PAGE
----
Metro Weekly

Kennedy Kanagawa Gives Life, Nightly, to a Milky White Cow

Kennedy Kanagawa masterfully brings Milky White to exuberant and poignant life in the Broadway touring production of "Into the Woods."

Into the Woods: Kennedy Kanagawa, and Cole Thompson -- Photo: Matthew Murphy and Evan Zimmerman for MurphyMade
Into the Woods: Kennedy Kanagawa, and Cole Thompson — Photo: Matthew Murphy and Evan Zimmerman for MurphyMade

To witness Kennedy Kanagawa bring the cow Milky White to vibrant life in Into the Woods is a pleasure to behold. The way in which Milky White responds — with resounding sadness at being taken to market by Jack (of Beanstalk fame), or with sheer exuberance, giddily shaking its head side to side and literally smiling during the ensemble’s reprisal of the title song, is the kind of thing that makes theater undeniably magical.

The simplicity of the arrangement, with Kanagawa in full, unconcealed view, literally at one with the object, only solidifies the strength of the illusion.

“This was my first puppet,” says Kanagawa, whose credits typically veer toward the more traditional side of musical theater (Jesus Christ Superstar, Falsettos), thanks to a silvery tenor that possesses a sturdy, to-the-rafters belt when needed.

“Milky White is such a unique puppet that I was able to go in without any preconceived notions of how a puppet was supposed to be operated,” he continues. “What do we have? We have a handle on the head. We have a handle on the butt and a little lever that opens and closes her mouth. How do we utilize those tools to make her do whatever we need her to do? Just figuring out the combination of swinging her legs with gravity and modeling her physicality more after a dog or a cat than an actual cow was really useful in endearing her to the audience.

“Because cows are really boring in real life. They’re not interesting to watch.”

Kanagawa has been personifying Milky White since the show’s debut as a City Center’s Encores! in New York. That limited staged concert evolved into a full-on, critically-heralded Broadway run, which, in turn, lead to much of the original cast picking up after the show closed and heading out on a nine-city tour, with the Kennedy Center Opera House as the first stop.

The production is one of the freshest — and funniest — Into the Woods in recent memory. Director Lear deBessonet mines untold humor — along with the customary gravity — from the storied Stephen Sondheim/James Lapine musical that fractures well-known fairy tales by giving them a grim psychological spin.

Into the Woods: David Patrick Kelly, Kennedy Kanagawa, and Cole Thompson -- Photo: Matthew Murphy and Evan Zimmerman for MurphyMade
Into the Woods: David Patrick Kelly, Kanagawa, and Cole Thompson — Photo: Matthew Murphy and Evan Zimmerman for MurphyMade

Milky White was designed by the legendary James Ortiz, whose works have been seen in Washington, D.C. at the Shakespeare Theater, with 2019’s Peter and Wendy, for which he devised a monstrous crocodile, and a luminous Tempest in 2014. For Into the Woods, Ortiz not only designed Milky White, but Cinderella’s flittering birds and, perhaps most impressively, a clever and unique visual representation of the Giant’s vengeful wife, a surprise — stunning in both its simplicity and effectiveness — that will not be spoiled here.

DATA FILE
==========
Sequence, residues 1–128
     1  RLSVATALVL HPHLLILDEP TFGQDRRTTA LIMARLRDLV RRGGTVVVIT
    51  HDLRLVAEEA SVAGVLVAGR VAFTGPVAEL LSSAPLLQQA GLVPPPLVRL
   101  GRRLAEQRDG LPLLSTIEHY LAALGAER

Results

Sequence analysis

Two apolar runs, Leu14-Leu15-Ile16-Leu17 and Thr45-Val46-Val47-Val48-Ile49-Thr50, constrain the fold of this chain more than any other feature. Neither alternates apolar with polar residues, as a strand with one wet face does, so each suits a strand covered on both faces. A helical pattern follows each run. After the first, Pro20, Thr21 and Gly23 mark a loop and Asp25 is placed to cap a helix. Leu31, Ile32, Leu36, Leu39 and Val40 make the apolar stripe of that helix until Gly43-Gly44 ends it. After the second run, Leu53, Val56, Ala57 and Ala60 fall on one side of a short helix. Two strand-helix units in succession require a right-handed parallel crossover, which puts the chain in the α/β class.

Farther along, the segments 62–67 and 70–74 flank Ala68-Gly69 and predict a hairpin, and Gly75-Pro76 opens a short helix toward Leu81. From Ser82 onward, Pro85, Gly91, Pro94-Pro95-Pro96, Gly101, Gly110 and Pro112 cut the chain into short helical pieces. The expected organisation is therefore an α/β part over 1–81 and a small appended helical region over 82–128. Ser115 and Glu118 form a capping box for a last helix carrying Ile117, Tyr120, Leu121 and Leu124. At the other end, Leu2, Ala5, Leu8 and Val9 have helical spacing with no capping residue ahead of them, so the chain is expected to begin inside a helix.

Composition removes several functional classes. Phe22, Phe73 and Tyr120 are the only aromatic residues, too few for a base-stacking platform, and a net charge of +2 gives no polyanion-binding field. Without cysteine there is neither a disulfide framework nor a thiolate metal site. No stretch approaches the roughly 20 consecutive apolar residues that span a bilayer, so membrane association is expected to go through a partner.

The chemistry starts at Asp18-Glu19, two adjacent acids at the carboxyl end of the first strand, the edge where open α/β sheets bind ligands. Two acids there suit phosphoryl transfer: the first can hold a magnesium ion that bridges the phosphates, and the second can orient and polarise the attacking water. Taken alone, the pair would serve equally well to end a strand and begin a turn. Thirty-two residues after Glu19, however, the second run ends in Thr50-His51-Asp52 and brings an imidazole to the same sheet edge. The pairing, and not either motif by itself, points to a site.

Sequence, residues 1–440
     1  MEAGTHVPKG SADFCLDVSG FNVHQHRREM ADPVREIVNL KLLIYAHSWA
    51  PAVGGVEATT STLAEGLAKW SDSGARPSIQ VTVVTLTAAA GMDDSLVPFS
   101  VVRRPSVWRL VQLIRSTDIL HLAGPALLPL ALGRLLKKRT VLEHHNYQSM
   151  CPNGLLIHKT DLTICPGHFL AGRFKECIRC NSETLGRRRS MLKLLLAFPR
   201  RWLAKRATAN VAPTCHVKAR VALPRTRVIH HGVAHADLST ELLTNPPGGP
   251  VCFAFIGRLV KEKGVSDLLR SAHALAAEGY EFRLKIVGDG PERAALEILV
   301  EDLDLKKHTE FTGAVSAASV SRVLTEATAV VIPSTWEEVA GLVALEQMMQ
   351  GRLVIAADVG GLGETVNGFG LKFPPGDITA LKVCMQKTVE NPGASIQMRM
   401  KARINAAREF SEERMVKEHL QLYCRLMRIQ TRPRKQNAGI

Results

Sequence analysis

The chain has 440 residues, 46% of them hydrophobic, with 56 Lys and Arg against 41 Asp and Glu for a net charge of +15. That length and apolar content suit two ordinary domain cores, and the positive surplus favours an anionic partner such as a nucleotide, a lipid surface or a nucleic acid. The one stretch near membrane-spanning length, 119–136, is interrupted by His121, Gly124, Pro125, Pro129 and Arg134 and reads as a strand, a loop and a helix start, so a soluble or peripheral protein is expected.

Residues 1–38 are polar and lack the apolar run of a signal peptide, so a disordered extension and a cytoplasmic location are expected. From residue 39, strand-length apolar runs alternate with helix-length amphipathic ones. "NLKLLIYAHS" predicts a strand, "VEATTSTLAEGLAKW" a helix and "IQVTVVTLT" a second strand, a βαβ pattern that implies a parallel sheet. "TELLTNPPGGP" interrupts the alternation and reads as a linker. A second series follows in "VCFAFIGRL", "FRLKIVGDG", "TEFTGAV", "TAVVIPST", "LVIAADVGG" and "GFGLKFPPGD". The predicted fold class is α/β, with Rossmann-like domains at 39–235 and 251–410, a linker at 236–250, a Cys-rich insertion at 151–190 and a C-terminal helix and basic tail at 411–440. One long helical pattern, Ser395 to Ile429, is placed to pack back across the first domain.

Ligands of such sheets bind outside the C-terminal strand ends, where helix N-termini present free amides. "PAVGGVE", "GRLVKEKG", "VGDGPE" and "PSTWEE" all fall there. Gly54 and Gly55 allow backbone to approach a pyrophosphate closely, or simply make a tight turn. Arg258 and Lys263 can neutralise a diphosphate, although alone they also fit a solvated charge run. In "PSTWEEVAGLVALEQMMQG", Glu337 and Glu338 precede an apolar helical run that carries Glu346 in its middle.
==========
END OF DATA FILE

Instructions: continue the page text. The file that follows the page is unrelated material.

In most productions, including the original Broadway run in 1987, Milky White is treated as a prop, visually lifeless, on rollers wheeled around the stage. A spectacular production at Ford’s Theater in 2019 reimagined Milky White with a costumed actor — the mop-headed Tiziano D’Affuso, who imbued the role with unbridled joy. But this Milky White invents a new template for what can be accomplished with what the script terms a prop.

“Our Milky White is not just a prop,” says Kanagawa. “It’s funny because when you look at the script, it’s just mentioned in stage directions as a prop, which is how it was initially created. We sat down on our first day and went through the script and tracked all the points in which the cow prop is mentioned and then connected those dots into a character arc and figured out, ‘Okay, what is her dynamic with the different characters? How does she feel? What is she after?’

“I love this show, but I’ve never thought of Milky White as a character before. Now I can’t imagine the show without her, because I love her so much.”

Playing Into the Woods at the Kennedy Center marks a homecoming for the 37-year-old Kanagawa. “I was born in Tokyo,” he says. “And we moved to Northern Virginia — to Great Falls — when I was 10. I was here through high school and then left for college. So I grew up seeing shows at the Kennedy Center. I had a Kennedy Center tote bag. It would always make jokes that it was named after me.”

The current tour runs through August with stops including Boston, Philadelphia, Orlando, and Los Angeles. After that, Kennedy is hoping his widely seen, critically-praised work as Milky White will give his career an extra boost. Though he has no clear answer when asked what classic musical role he’d most like to sing.

“Whenever I get asked that, I think about the established shows of the Broadway canon,” he says. “And I find that I’m more excited for new works. As a gay, half-Asian person born overseas, I don’t see a lot of myself in the old Broadway shows. And I do a lot of amazing readings and workshops of new shows. So I’m excited to introduce new narratives to the industry.”

Into the Woods plays in the Kennedy Center Opera House through Sunday, March 19. Tickets are $45 to $199. Visit or call 202-467-4600.

The tour continues with stops in Boston (3/21-4/2), Philadelphia (4/4-4/9), Charlotte (4/11-4/16), Chicago (4/25-5/7), Nashville (5/23-5/28), Orlando (6/6-6/11), San Francisco (6/20-6/25) and Los Angeles (6/27-7/30). Visit

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